ATTLEBORO - The old dream is a reality and new dreams await.
Bristol Community College opened the doors of its new and long-awaited facility in Attleboro shortly before noon Friday when a raft of school and political officials cut a bright red ribbon signaling the end of one quest and the beginning of a new era for higher education in the city.
BCC President John Sbrega, who was credited with leading a long and intense effort over the last eight years to establish the school permanently in the city, said the realization of that dream will lead to the accomplishment of many others for students who walk through the doors.
"This center is the fulfillment of our dream and is a place where other dreams will come true," he told a crowd of about 200 who attended the ceremony Friday morning.
The new BCC building is in a nearly 50,000 square foot building on Field Road, which runs between Forest Street and Perry Avenue in the heart of the Attleboro Corporate Campus, formerly the Texas Instruments complex.
The second floor of the building is being renovated for Bridgewater State College classes, which will allow BCC students to get a four-year degree without leaving the city.
BSC President Dana Mohler-Faria said the goal is to open that branch in January.
Officials who toured the high-tech classrooms, labs and computer facilities were impressed, but more importantly the school's future students were impressed.
Nathan Malynn, 23, of Foxboro, said he's been looking forward to seeing the new facility, but what he found when he took a tour exceeded his expectations.
"I thought we'd get something like this," he said. "But I didn't think it would be this good. It's a great facility. It's got a good collegiate atmosphere."
Malynn, who takes the MBTA commuter rail from Foxboro to attend classes in the city said the Attleboro campus makes his life as a student much easier.
"If I didn't go here, I'd probably be at Bunker Hill (Community College) or some other school in Boston and that's quite a trek," he said.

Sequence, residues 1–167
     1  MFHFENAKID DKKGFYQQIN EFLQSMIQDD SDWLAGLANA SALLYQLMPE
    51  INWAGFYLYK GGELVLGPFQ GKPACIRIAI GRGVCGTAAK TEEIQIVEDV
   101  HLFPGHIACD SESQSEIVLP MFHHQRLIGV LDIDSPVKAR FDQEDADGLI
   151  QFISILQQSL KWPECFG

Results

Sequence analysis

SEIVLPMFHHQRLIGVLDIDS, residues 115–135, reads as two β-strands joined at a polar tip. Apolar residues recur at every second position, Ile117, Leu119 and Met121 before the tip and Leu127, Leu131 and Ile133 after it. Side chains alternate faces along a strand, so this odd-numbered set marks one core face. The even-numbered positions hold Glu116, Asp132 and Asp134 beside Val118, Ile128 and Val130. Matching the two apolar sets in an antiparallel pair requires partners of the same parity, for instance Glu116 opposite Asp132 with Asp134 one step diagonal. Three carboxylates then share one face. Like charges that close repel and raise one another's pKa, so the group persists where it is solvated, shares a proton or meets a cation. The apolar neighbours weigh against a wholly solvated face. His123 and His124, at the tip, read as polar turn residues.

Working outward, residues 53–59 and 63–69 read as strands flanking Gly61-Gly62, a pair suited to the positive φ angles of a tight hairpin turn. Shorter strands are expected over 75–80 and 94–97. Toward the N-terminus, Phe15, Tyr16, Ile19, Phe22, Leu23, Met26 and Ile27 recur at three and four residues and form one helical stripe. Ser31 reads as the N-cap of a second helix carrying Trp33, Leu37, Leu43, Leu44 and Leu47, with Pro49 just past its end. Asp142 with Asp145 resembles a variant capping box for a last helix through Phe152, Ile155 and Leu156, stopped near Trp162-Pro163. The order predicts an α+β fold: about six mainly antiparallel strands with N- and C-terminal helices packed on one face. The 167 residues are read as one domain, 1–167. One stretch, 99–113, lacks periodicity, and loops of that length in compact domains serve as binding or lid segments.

For people who have to overcome mobility handicaps, the facility is much appreciated for its accessibility, said Audrey Deavellar of Seekonk.
Deavellar, who needs a wheelchair to get around, said she's eagerly anticipating the start of classes.
"I've been waiting for this for four years," Deavellar said. "I'm looking forward to coming."
Deavellar is seeking a degree in social work, but has been slowed down because the former BCC facility in Attleboro at the old high school was not handicapped accessible.
She credited BCC with helping her get to classes in Fall River, but the trip was long, time consuming and tiring.
Now she's 10 minutes away, and the new building has ramps and elevators.
Deavellar said she still had some issues with access, but was pleased overall.
"For the most part, it's doable," she said.
BCC in Attleboro has a special office to assist students with handicaps of various kinds.
Meanwhile, Nan Tremblay, an Attleboro resident who was among the first to register for courses on Friday, was beaming about the new BCC.
"This is fabulous," she said. "It's been needed for a long, long time."
Tremblay is out of work and signed up for a course to upgrade her skills in Internet Web site development.
But the building has special significance for her.
She said her brother used to work at Texas Instruments and lost his job when the company moved. Now it's being used for a school that could help her find a new job.
The building sparked negative thoughts before, but the new school has changed that.
"It's such a happy, positive thing," Tremblay said.